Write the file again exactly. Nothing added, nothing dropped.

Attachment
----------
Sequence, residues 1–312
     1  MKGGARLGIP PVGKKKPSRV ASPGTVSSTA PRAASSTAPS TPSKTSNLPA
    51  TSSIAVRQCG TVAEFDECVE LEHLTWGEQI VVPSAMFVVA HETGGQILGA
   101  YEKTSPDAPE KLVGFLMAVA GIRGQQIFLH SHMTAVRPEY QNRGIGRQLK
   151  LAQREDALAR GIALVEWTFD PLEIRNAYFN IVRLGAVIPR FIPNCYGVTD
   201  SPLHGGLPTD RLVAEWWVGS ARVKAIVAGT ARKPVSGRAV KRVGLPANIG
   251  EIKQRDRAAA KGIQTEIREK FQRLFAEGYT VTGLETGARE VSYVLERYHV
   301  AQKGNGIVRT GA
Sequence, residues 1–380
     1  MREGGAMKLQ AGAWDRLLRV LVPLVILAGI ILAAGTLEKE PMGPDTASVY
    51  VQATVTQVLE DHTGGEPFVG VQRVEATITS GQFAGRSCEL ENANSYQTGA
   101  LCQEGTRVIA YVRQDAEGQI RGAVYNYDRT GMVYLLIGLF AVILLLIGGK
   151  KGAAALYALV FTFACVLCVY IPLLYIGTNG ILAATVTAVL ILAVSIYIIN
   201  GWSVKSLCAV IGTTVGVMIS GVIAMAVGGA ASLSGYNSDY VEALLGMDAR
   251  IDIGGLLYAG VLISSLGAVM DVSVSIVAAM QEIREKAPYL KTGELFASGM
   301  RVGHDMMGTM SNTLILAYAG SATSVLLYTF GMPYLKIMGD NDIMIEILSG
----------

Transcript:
Sequence, residues 1–312
     1  MKGGARLGIP PVGKKKPSRV ASPGTVSSTA PRAASSTAPS TPSKTSNLPA
    51  TSSIAVRQCG TVAEFDECVE LEHLTWGEQI VVPSAMFVVA HETGGQILGA
   101  YEKTSPDAPE KLVGFLMAVA GIRGQQIFLH SHMTAVRPEY QNRGIGRQLK
   151  LAQREDALAR GIALVEWTFD PLEIRNAYFN IVRLGAVIPR FIPNCYGVTD
   201  SPLHGGLPTD RLVAEWWVGS ARVKAIVAGT ARKPVSGRAV KRVGLPANIG
   251  EIKQRDRAAA KGIQTEIREK FQRLFAEGYT VTGLETGARE VSYVLERYHV
   301  AQKGNGIVRT GA
Sequence, residues 1–380
     1  MREGGAMKLQ AGAWDRLLRV LVPLVILAGI ILAAGTLEKE PMGPDTASVY
    51  VQATVTQVLE DHTGGEPFVG VQRVEATITS GQFAGRSCEL ENANSYQTGA
   101  LCQEGTRVIA YVRQDAEGQI RGAVYNYDRT GMVYLLIGLF AVILLLIGGK
   151  KGAAALYALV FTFACVLCVY IPLLYIGTNG ILAATVTAVL ILAVSIYIIN
   201  GWSVKSLCAV IGTTVGVMIS GVIAMAVGGA ASLSGYNSDY VEALLGMDAR
   251  IDIGGLLYAG VLISSLGAVM DVSVSIVAAM QEIREKAPYL KTGELFASGM
   301  RVGHDMMGTM SNTLILAYAG SATSVLLYTF GMPYLKIMGD NDIMIEILSG